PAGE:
A change of life, which some also translate by conversion, repentance, or penance, means a change in the way of thinking. In order to comprehend the presence of the kingdom of God, it is necessary to begin to live and act differently. We are called to change our way of life and find a new form. The teachings of the Pharisees must be abandoned and the experience of God’s presence allowed to penetrate us, thus enabling a new view as well as a new reading and understanding of all that is going on.

Belief in the gospel. The message of the gospel (good news) was by no means easy to accept. It is not easy to change the way of thinking that has accompanied a person since childhood. This is only possible with faith. When someone comes to us with the unexpected news that is difficult to accept, we only accept it if it is brought by a person who, in our judgment, is trustworthy. And Jesus is worthy of our complete trust

4. Meditation – thinking

About everything I have read and what has touched me, I am thinking now. I let my thoughts also touch my heart. Think:

  • With Christ, I venture into the desert to sharpen my hearing, sight, type, taste, smell, and balance within it. Where do I direct my gaze, to who do I direct my ear, what thoughts lead me?
  • What do I do to escape the unpleasant, the difficult?
  • Jesus thought differently and understood differently than the others. I listen to what he wants to tell me at the beginning.
  • The kingdom of God is already here, we are already saved. If I look with this faith in my heart at the time before us, how can I already live this salvation?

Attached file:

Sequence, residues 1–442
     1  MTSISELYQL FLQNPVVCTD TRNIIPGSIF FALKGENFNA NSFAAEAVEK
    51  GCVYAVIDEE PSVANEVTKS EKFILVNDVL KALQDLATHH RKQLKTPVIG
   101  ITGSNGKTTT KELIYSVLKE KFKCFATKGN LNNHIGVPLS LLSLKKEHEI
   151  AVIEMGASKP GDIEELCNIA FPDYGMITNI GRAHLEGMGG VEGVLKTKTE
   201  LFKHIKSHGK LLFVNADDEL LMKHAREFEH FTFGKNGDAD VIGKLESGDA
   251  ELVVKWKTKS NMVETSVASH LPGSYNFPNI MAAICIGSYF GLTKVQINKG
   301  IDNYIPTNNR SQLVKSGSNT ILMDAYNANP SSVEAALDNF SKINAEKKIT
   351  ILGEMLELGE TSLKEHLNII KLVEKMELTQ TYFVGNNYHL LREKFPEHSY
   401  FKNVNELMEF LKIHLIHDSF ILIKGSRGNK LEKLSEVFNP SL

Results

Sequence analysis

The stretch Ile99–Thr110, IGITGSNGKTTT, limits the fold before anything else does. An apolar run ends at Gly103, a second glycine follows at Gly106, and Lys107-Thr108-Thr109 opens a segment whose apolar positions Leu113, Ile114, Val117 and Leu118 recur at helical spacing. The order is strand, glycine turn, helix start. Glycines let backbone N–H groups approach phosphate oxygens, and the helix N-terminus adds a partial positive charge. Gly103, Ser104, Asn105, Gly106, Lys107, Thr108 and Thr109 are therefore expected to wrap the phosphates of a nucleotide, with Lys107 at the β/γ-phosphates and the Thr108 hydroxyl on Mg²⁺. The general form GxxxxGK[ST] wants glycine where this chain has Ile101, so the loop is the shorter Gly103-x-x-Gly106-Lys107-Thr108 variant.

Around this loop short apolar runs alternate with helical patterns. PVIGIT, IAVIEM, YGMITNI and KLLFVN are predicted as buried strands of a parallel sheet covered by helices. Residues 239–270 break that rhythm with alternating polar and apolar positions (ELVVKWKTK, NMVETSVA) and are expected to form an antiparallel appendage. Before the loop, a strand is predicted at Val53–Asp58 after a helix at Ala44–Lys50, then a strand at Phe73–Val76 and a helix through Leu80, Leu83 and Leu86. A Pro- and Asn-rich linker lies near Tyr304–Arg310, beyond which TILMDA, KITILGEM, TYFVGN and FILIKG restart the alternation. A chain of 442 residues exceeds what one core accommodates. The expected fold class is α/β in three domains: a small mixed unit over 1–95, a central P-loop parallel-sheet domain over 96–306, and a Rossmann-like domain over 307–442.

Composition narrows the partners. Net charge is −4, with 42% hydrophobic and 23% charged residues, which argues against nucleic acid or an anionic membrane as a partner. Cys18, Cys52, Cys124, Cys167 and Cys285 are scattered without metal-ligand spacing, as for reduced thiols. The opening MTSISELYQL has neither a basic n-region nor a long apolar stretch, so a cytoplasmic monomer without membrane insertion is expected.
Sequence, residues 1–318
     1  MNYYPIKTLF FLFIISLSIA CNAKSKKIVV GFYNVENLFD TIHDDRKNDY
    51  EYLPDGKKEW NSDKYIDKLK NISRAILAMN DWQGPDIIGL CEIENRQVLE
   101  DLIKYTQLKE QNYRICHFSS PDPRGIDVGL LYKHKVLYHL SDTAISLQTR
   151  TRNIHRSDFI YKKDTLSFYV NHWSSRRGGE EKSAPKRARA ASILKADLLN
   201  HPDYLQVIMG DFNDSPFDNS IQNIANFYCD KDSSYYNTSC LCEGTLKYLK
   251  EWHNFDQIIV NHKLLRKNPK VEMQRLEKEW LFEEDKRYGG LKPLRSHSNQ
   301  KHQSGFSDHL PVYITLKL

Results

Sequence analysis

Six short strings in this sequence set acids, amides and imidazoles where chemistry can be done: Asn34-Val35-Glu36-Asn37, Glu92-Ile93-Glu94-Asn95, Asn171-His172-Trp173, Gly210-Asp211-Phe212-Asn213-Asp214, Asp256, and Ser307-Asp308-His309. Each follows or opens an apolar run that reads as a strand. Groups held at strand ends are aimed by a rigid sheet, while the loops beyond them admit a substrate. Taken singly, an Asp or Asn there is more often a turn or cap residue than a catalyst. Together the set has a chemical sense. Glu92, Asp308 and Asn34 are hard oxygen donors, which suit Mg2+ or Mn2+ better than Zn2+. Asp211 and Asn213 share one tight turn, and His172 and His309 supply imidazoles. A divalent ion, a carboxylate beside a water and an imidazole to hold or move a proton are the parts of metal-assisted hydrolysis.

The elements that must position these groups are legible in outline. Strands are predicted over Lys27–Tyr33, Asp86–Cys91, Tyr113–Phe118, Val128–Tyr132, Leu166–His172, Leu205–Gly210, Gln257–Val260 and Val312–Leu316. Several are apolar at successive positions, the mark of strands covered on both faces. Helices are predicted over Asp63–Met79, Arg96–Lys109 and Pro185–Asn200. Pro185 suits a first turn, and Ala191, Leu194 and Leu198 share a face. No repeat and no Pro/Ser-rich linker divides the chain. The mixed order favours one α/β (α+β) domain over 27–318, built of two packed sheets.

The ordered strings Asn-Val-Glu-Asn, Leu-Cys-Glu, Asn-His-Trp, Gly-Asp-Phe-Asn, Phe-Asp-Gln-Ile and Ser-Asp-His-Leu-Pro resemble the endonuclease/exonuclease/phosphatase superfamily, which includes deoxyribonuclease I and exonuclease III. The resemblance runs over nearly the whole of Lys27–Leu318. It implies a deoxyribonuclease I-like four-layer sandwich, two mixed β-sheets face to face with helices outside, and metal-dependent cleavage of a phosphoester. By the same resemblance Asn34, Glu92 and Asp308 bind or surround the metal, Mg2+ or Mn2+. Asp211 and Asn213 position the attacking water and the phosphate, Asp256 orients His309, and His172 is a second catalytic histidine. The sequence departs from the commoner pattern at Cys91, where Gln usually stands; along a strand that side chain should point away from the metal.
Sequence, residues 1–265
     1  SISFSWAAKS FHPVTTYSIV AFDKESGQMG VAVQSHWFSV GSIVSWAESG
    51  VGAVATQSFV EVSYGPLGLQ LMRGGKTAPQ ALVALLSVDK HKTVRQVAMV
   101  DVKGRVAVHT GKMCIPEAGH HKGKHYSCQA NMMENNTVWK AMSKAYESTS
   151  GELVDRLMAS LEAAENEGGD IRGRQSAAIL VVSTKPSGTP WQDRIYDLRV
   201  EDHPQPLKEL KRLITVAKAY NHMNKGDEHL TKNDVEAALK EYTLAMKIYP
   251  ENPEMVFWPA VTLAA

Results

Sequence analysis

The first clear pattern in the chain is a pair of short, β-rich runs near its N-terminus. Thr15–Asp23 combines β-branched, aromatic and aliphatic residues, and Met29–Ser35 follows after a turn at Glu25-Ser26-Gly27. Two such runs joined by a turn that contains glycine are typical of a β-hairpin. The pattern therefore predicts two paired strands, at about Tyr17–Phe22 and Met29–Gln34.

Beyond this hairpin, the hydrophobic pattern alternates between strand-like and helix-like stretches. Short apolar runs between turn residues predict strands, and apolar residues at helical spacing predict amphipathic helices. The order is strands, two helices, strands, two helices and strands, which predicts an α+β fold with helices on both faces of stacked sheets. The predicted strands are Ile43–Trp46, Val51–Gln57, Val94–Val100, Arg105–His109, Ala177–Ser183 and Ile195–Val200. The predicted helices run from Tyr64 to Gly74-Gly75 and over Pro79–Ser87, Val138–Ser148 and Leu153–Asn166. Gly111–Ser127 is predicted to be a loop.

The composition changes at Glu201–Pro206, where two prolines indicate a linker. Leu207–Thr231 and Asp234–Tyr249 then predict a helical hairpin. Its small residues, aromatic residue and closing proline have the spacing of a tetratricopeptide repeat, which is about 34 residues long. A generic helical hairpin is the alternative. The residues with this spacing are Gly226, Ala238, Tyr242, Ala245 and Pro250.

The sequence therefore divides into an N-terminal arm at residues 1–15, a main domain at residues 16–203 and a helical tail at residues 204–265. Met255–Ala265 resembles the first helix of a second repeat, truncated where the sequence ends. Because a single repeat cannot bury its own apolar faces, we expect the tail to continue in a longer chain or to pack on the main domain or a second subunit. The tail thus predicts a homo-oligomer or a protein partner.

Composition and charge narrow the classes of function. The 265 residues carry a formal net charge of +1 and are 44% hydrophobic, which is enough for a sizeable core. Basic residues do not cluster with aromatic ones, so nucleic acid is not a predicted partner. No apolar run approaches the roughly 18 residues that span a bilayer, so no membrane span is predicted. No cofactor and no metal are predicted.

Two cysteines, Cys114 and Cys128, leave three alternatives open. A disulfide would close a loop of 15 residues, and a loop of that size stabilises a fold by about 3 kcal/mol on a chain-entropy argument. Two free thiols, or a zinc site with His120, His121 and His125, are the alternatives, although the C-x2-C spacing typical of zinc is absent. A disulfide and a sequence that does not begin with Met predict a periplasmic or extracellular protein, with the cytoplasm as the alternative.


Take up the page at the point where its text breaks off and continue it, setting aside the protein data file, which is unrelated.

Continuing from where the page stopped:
5. Personal Prayer

In the next moments of silence, I talk about this with Jesus. I tell him what I think, what I feel, what I want. I ask him for the grace that I need for … (make your conversation with God).

6. Contemplation – Quiet moment with God

Now I let silence be in me. I am simply present in God, as He is quietly present in me. Perhaps from this silence, I hear God’s speech, which invites me perhaps in thanksgiving and worship or to open myself and accept him in my path life and work, maybe He gives me the courage to continue searching for…

7. Action

When I walk into a personal relationship with God, he changes me, makes me more loving, and encourages me to the concrete action, which is….. (write down your insights for concrete action).

8. Prayer at the end

Thank you, good God, for giving me the opportunity to fast when you show me that both rain and sun are needed, both deep valleys and wide plains, both desert and rainbow. Thank you for showing me fasting as something much more than destroying weeds in my life – so I could destroy wheat as well. You are directing my post to stay awake and seek the good.

9. Review of my prayer meditation or reflection

This is my view on what was happening in me at the time, I spent praying. In my reflection, I can help myself with the following questions:

  • How was I feeling when I started praying?
  • What happened during the prayer?
  • What feelings and thoughts could I detect in myself?
  • How did I feel about the revelations, which I had during my prayer?
  • What did I learn about myself, about God, about his attitude towards me and others, and me to him and others?
  • How did I finish my prayer?
  • What did I receive for my everyday life?
  • In the end, I can write the lessons, findings, and insights. I can write also, where I had problems, they may have great value in learning about my relationship and myself with God. They can also help to find a more appropriate way of prayer for me.
  • Then I thank the Holy Trinity. If I pray with my family or in the community, friends, I can share with them what I felt in this prayer. With a prayer for one another, you can support yourself throughout the week.

Lectio Divina meditations are published and adapted with permission from the Jesuits home –

Text from the Bible – New International Version (KJV)

Let us remain close in the same prayer! May the Lord bless you abundantly!